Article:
On September 21, 1949, the System Board conducted hearings and heard witnesses, and on January 12, 1950 issued its opinion by a vote of three to one that plaintiff was justified in relieving defendant Carson from flight duty, but that plaintiff's "failure to comply fully with the intent of Civil Air Regulation 61.540" constituted negligence, which was a heavy contributing factor to Carson's failure to pass his semi-annual flight check, and that in consequence plaintiff did not have sufficient justification for refusing to compensate Carson. Moreover, the System Board ordered that Carson be properly reimbursed.
It is the contention of the plaintiff that the decision of the System Board is erroneous and void for a number of reasons. First it is argued that it is the duty of the appropriate federal authorities, under the Civil Aeronautics Act of 1938, as amended, 49 U.S.C.A. § 401 et seq., and only of said authorities, to enforce Civil Air Regulations, and to determine whether the plaintiff, or any other air carrier, has complied with its regulations. It is also contended that the System Board has no power or authority to determine whether plaintiff complied with the Civil Air Regulations, *632 and that any award based on such a finding is improper and void. It is furthermore contended that if there had been a violation by plaintiff of the Civil Air Regulations, it would not constitute a breach of any obligation of plaintiff to any of the defendants under the Pilots Agreement; and finally that in the absence of some provision in the agreement, violation of the Civil Air Regulation is irrelevant and will not support the conclusion that plaintiff has been negligent to any of the pilots in its service.
The authority or jurisdiction of the System Board is statutory, 45 U.S.C.A. § 184. It cannot be extended by agreement of the parties, for it is not a private board of arbitration. This point is significant: first because the defendants claim that under the agreement between the parties such "grievance" as was presented to the System Board does contemplate the exercise of jurisdiction by the System Board in respect to consideration of a violation of the Civil Aeronautics Regulations; and moreover because, argue the defendants, the plaintiff in the hearings before the System Board did not raise the issue of lack of jurisdiction.
The Civil Aeronautics Board has primary jurisdiction to determine whether an air carrier has complied with Civil Air Regulations. American Airlines, Inc. v. Standard Air Lines, Inc., D.C., 80 F. Supp. 135; Adler v. Chicago & Southern Air Lines, Inc., D.C., 41 F. Supp. 366.
The challenged finding of the System Board does not explain what the Board meant by saying that the company failed to comply fully with the "intent" of Regulation 61.530 (now 61.131). The language employed is at least equivocal. It is not a decision that the plaintiff lacked proper training facilities and means for instruction for the benefit of its pilots. That clearly would have been an invasion of the jurisdiction of the Civil Aeronautics Board. Unless and until the Civil Aeronautics Board had first determined that plaintiff had violated its regulation, the System Board had no jurisdiction to make the determination. However, if the System Board's decision was on the narrower ground that though the plaintiff's training facilities and means of instruction were in compliance with the Civil Air Regulations, there was a failure on the plaintiff's part to make such facilities and instructions properly available to Carson, there would be no such invasion. In the latter instance the reference to the Civil Aeronautics Regulations would be only to an established standard. In other words, to establish by regulation, as the Civil Aeronautics Board did, a general training program applicable to all carriers, which maintains a proper balance between safety and economy in the development of air transportation, is readily recognizable as being within the scope of authority of a governmental agency such as the Civil Aeronautics Board. On the other hand the determination of whether a single pilot's loss of flight pay for being grounded as a result of failure to pass a flight check, is a different problem. Regulation No. 61.131 cannot be construed to require a carrier to set up a training program which will guarantee that all pilots will meet the required flight checks.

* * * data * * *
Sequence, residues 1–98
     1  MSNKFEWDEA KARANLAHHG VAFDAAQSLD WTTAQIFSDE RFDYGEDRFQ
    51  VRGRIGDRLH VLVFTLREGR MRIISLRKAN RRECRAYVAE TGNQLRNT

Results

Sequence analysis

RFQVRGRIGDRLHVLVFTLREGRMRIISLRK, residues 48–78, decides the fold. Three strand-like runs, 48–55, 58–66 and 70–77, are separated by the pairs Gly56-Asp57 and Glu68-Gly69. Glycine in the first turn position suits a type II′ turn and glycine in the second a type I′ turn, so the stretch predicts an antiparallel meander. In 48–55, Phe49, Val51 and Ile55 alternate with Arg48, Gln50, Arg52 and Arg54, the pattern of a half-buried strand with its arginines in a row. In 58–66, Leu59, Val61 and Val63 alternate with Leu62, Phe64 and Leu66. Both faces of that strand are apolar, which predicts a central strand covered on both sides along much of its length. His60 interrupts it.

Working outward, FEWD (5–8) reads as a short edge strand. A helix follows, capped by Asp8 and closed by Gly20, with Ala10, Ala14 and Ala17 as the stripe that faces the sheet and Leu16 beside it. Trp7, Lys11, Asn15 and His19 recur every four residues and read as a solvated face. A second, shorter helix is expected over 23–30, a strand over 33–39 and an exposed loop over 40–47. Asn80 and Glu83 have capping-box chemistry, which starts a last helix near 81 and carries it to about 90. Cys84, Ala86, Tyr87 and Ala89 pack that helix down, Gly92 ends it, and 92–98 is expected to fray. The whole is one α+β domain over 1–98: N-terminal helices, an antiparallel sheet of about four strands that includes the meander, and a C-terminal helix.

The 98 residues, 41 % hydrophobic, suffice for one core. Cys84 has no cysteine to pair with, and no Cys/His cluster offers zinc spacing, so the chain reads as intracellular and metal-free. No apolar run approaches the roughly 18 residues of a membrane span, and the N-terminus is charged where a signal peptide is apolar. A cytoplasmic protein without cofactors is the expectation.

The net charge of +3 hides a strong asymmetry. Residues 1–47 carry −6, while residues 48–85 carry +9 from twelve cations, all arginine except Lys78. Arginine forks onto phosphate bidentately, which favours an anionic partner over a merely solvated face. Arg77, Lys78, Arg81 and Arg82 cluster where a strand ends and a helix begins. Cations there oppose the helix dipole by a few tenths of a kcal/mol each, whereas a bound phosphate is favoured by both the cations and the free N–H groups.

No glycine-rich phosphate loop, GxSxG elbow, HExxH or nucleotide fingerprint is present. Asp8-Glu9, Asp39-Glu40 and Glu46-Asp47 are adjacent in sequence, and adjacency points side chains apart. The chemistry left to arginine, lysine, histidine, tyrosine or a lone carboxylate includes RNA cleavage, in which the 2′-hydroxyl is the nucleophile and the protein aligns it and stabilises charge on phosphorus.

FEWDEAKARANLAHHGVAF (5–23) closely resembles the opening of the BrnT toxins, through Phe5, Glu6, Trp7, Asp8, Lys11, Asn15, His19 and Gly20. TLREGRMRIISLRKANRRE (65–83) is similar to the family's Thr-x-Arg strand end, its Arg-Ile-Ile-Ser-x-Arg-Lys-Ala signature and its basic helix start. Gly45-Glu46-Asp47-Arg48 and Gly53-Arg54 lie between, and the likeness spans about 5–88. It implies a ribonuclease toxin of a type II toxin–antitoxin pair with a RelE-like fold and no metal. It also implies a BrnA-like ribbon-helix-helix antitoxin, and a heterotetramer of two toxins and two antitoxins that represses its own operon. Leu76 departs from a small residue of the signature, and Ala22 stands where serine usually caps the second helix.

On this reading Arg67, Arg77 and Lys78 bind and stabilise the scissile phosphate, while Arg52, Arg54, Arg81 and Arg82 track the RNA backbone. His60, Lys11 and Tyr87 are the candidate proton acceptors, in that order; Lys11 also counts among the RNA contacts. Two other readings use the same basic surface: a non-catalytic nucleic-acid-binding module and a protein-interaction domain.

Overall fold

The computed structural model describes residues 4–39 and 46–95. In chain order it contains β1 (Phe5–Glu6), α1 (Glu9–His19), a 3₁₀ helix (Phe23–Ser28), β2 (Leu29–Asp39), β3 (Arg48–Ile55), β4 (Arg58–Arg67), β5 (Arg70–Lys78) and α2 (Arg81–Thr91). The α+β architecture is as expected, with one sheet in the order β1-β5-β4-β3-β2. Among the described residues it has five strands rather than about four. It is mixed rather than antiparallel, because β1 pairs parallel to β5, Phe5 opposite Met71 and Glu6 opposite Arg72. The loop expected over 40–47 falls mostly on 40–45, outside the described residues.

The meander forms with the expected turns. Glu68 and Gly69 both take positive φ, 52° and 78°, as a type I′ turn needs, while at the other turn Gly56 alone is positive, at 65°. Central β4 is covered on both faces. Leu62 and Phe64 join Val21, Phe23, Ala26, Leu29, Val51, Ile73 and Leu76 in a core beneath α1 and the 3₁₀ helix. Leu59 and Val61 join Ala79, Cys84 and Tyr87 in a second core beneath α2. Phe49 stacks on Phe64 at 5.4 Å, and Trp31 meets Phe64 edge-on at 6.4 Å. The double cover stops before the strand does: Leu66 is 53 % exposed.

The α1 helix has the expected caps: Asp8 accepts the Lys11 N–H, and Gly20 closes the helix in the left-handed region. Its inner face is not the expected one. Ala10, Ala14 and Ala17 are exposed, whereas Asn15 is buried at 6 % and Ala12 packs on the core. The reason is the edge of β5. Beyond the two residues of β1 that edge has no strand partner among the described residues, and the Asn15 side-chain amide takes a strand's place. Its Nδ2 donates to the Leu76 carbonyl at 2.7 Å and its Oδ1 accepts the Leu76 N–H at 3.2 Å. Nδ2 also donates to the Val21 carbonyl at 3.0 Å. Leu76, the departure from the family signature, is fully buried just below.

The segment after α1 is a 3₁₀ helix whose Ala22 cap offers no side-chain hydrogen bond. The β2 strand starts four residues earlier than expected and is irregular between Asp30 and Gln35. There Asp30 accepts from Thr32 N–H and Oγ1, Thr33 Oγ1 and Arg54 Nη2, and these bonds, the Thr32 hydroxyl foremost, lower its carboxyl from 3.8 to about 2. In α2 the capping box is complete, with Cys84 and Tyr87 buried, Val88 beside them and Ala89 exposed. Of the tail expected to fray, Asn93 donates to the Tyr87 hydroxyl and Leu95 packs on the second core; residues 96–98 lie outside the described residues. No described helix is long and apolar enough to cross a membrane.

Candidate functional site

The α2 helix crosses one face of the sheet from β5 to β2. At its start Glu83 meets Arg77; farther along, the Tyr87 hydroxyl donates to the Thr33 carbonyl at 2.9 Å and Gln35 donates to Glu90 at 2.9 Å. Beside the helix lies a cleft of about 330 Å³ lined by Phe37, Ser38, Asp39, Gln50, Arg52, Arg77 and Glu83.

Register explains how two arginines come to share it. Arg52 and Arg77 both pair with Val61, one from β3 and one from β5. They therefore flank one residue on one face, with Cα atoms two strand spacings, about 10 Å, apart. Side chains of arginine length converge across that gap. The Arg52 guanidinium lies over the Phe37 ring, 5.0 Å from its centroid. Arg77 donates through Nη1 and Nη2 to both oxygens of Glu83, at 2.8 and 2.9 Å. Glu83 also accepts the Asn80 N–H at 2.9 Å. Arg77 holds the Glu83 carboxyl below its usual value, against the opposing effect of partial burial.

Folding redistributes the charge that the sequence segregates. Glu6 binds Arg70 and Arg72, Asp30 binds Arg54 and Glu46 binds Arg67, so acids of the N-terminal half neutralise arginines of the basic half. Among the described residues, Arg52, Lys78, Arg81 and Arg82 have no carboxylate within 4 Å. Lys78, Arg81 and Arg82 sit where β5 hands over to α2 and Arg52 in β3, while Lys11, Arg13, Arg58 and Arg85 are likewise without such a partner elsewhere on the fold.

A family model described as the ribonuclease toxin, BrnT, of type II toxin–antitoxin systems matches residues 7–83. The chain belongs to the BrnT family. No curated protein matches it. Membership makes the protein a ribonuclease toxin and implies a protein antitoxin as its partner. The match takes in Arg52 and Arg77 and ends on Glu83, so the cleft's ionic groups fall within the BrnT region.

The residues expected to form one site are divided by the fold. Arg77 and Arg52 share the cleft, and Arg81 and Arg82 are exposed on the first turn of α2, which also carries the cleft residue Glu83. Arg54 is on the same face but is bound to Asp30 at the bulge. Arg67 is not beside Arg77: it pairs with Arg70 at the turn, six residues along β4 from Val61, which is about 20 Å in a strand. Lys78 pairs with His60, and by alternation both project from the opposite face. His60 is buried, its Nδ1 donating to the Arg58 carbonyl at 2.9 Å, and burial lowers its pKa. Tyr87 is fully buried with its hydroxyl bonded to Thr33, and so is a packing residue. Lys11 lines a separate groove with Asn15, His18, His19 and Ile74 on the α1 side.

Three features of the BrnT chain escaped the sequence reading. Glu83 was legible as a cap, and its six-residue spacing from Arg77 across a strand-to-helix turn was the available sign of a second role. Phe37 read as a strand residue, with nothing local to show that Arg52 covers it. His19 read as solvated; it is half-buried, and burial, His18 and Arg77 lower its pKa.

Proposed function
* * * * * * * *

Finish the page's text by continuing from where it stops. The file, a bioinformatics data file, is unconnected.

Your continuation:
What the System Board meant by its finding can best be explained by the members of that Board who participated in the decision. The ambiguity existing because of the failure of the decision to recite supporting facts makes impossible the granting of a summary judgment.
Another doubtful factual situation arises out of the meaning to be given the term "grievance" as used in Section 31 of the Pilots Agreement. That calls for an interpretation of the Agreement and also a construction of the term "grievance". Only then can we say whether Carson's letter of June 13, 1949 to the Assistant Regional Superintendent of Flight of the plaintiff company states a grievance which under the Agreement may properly be presented to the System Board.
Thus two open questions of fact need clarification, and since a motion for summary judgment should be granted only in cases where the facts are undisputed *633 and nothing factual remains to be determined at the trial, this motion must be denied.
As requested by the plaintiff, the taking of depositions will be stayed for five days subsequent to the entry of an order of this motion.